For instance, we may feel that certain requests are so seemingly small and insignificant that he would have no interest in assisting us and it would be belittling him to even ask.
We could wrongly relegate what is truly divine intervention to being merely coincidence, fate, or natural progression simply because we don’t think he would involve himself in such matters. Conversely, we could attribute what is certainly not of God as being from him.
Finally, and for various reasons, we might hold that the Lord would never guide, gift, and intervene for us like he did for other believers in times past. This is perhaps something the Apostle Paul was admonishing the Thessalonians about when he commanded them, “Do not quench the Spirit. Do not treat prophecies with contempt” (1 Thess. 5:19–20).
When contemplating such matters, here are some tips to consider which will help us to avoid putting God in a theological box of our own making.
Diligently Search the Scriptures
So we do not mistakenly minimize how we see God’s potential readiness or ability to be involved in something in the first place, we should be active in diligently examining the Scriptures.
The Apostle Paul encourages us to, “Do your best to present yourself to God as one approved, a worker who does not need to be ashamed and who correctly handles the word of truth” (2 Tim 2:15).
This is something the Bereans who listened to Paul strived to do. It says of them, “Now the Berean Jews were of more noble character than those in Thessalonica, for they received the message with great eagerness and examined the Scriptures every day to see if what Paul said was true” (Acts 17:11).
The discipline of studying God’s Word will greatly help us to see whether or not any constraints we may have put on him are unmistakably true. And if they are not indisputably so, then we should be willing to consider that we are wrongly limiting the Lord and adjust our thinking (and consequently our prayers) accordingly. This is something the Old Testament character Job had to do.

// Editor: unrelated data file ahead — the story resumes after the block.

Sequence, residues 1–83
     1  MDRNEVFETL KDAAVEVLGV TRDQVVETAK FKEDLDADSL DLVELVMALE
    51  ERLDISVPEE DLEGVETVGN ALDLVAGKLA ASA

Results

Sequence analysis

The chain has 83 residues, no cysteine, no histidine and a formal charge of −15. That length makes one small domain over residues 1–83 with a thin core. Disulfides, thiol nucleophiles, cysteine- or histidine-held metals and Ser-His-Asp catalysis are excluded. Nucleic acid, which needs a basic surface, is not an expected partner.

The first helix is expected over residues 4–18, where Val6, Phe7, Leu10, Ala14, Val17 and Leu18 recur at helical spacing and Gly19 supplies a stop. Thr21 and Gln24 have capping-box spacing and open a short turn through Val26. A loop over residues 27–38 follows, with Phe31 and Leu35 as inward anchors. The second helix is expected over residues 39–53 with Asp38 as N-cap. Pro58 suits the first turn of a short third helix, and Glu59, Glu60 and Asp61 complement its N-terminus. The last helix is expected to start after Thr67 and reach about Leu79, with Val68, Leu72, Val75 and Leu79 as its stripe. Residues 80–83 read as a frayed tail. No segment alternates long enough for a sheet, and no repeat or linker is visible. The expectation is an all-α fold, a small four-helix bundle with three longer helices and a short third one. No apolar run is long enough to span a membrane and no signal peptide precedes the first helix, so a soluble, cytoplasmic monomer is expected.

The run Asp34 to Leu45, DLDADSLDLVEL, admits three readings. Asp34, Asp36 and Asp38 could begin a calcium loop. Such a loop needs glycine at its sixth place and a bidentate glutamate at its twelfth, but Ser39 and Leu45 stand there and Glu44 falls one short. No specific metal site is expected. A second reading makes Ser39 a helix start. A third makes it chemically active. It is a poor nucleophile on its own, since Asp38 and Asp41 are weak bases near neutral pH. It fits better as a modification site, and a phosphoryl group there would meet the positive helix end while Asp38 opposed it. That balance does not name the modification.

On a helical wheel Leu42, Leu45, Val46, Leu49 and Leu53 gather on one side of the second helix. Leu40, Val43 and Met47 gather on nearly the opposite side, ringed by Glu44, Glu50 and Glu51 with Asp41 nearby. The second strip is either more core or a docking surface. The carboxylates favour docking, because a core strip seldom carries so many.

At the end of his suffering, confessing his wrong perspective of God, Job said, “I know that you can do all things; no purpose of yours can be thwarted. You asked, ‘Who is this that obscures my plans without knowledge?’ Surely I spoke of things I did not understand, things too wonderful for me to know” (Job 42:2–3).
Hold Fast To What Is Clearly True of God
Because of a fear that we may be placing God in a theological box, we can overreact by not holding fast to the many facts which are clearly revealed about him in his Word. However, when such truths are unmistakably evident we must not be fearful of both strongly believing them and humbly proclaiming them, even if we are deemed by others to be overly self-assured or narrow-minded.
The Bible says, “But in your hearts revere Christ as Lord. Always be prepared to give an answer to everyone who asks you to give the reason for the hope that you have. But do this with gentleness and respect” (1 Pet 3:15).
Trust in the Lord’s Power and Wisdom
Very often the reason we make theological boxes in the first place is because of our own insecurities and uncertainties regarding the unknown and our desire to make sense of them. However in the midst of these things we should ask the Lord for his wisdom. The Apostle James informs us, “If any of you lacks wisdom, you should ask God, who gives generously to all without finding fault, and it will be given to you. But when you ask, you must believe and not doubt, because the one who doubts is like a wave of the sea, blown and tossed by the wind” (Jas 1:5–6).